Propelled by a growing middle class that now have the financial resources to invest in the digital devices, and combined with improvements to the technology infrastructure in major metropolitans, China has become the second largest global digital media & technology market in 2013, reaching $173.18 billion, trailing only the US market and surpassing Japan in recent years.
With decelerating economic growth and no major quadrennial events, such as the Summer Olympics, to act as a catalyst for strong ad growth, total digital media & tech revenues and consumer spend are expected to notch a significantly lower compound annual growth rate (CAGR) for the 2012-17 period (13.5% CAGR) compared with 2007-12 expansion (29.9% CAGR). Despite softer growth, digital media & technology will top $276 billion in 2017, accounting for more than 70% of total media revenues and consumer outlays, compared with 48% as recently as 2007.
As Chinese technology continues to improve and the government consistently upgrades the tech and telecom systems, consumer usage of digital media is expected to climb at a 13.2% CAGR from 2013 through 2017, reaching 8.0 hours on average weekly in 2017, still among the lowest ranked of the 15 largest media and tech economies worldwide because over half the nation will lack broadband internet or smartphone services.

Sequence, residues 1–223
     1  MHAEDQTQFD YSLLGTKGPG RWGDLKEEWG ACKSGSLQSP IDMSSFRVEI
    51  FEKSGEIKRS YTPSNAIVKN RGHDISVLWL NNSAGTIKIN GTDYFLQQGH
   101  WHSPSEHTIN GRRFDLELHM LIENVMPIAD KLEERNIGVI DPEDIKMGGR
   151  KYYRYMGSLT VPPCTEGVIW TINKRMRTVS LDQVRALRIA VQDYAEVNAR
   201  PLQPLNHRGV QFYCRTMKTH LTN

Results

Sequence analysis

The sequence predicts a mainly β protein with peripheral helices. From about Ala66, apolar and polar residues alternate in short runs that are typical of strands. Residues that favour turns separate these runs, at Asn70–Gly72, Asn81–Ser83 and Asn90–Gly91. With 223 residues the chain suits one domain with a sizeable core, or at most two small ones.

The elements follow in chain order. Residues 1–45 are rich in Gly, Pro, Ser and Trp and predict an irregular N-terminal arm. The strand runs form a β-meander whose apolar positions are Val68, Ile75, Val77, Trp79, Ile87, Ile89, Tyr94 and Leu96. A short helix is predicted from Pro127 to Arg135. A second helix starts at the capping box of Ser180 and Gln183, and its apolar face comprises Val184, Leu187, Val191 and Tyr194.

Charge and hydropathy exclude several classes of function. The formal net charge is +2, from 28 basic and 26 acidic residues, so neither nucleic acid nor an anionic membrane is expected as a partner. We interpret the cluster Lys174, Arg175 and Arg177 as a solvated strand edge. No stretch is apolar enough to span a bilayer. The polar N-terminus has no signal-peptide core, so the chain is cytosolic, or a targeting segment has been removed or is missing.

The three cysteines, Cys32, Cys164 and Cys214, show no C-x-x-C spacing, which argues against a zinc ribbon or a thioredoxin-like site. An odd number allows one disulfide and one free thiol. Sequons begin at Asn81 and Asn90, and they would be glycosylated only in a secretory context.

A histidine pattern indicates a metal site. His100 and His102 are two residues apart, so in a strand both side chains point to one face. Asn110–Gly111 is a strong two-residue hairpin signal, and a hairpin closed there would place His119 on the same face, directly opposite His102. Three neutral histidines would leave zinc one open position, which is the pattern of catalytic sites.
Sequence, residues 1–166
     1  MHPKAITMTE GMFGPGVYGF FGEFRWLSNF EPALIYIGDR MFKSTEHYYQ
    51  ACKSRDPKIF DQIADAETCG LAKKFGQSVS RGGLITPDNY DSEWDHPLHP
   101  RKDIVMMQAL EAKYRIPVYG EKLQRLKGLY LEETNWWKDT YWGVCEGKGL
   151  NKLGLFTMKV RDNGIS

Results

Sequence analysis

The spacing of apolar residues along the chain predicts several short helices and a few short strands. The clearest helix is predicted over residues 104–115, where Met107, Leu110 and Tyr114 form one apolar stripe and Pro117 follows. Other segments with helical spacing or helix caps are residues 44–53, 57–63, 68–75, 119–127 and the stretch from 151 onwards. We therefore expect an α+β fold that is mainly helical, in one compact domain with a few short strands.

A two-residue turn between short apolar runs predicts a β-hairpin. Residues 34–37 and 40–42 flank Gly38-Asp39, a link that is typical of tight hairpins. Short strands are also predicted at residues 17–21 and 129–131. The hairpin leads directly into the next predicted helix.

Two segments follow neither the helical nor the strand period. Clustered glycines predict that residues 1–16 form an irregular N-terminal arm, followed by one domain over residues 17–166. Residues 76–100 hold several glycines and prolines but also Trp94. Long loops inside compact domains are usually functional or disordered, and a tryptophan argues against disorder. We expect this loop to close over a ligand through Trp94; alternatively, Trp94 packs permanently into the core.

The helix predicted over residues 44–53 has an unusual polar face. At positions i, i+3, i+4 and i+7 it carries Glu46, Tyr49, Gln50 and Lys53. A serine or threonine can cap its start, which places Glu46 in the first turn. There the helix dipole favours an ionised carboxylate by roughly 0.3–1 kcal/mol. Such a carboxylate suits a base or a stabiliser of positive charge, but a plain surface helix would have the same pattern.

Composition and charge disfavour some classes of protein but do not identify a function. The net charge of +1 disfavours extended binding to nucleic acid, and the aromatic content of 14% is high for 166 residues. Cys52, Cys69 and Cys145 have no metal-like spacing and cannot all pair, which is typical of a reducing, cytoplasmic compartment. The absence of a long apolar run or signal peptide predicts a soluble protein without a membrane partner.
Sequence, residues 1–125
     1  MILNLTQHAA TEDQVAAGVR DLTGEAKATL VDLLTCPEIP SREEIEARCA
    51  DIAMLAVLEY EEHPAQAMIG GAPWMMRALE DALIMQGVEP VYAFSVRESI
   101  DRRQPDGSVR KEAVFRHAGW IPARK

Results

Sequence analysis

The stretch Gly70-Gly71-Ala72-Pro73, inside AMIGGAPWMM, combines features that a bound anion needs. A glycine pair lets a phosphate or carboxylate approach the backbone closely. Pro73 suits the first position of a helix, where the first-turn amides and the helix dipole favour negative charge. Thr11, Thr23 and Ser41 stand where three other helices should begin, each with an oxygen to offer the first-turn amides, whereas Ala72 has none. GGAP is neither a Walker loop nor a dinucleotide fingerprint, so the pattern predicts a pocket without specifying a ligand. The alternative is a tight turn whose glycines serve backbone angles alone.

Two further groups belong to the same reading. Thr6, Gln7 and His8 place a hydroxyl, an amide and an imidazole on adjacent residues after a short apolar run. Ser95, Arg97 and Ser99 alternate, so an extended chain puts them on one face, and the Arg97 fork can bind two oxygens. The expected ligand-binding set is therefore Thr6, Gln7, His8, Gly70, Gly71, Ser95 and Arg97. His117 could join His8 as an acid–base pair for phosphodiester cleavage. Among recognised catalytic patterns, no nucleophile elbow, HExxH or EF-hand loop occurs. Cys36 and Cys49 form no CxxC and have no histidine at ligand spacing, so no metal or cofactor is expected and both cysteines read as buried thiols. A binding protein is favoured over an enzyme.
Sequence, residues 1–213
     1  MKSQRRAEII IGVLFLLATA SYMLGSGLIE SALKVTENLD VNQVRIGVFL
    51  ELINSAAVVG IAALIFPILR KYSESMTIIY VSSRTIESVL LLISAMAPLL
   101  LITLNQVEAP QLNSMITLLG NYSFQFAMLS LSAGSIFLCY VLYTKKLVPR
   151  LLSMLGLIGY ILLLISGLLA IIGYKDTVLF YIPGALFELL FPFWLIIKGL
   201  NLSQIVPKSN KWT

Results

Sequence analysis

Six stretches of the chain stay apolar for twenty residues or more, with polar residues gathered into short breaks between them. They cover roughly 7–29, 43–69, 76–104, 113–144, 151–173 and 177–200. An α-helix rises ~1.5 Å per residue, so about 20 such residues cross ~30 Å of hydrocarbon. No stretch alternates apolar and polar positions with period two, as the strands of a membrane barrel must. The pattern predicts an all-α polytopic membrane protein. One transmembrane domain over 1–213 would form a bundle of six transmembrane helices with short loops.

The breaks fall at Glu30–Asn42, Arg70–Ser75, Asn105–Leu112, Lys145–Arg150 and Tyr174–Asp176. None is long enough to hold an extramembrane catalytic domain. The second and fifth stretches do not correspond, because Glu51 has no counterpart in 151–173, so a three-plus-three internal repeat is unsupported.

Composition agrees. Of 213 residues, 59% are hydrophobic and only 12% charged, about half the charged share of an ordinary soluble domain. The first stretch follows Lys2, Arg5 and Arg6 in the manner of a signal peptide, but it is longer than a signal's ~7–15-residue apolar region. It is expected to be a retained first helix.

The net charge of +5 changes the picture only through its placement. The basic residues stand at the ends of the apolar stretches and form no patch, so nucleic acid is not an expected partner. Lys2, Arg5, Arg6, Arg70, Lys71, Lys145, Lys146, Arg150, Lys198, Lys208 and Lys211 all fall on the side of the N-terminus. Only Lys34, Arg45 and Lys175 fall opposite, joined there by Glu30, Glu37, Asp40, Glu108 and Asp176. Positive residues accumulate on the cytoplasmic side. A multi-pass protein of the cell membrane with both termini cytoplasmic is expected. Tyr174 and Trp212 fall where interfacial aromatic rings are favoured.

Meanwhile, the growing middle class will chiefly drive a 9.1% CAGR increase of traditional media & tech revenues and consumer spend during the 2012-17 period, reaching $116 billion in 2017. More Chinese workers will be able to subscribe to newspapers and upgraded to HD television sets, despite similar concerns over the economy that are making Chinese consumers pare spending slightly. As a result of the rise in consumer spend, traditional media usage will rise at a 3% CAGR during the forecast period to 41.6 hours weekly in 2017.
Exclusive data and analytics covering China's supercharged media economy markets:
PQ Media, a leading provider of market intelligence, is a trusted authority on key trends and shifts impacting the changing global media ecosystem. Our global industry reports analyze the media economy from the perspective of three indicative value chain components, two of which are compared in this publication: media company revenues, consumer time spent with media, and consumer spending on media content and technology.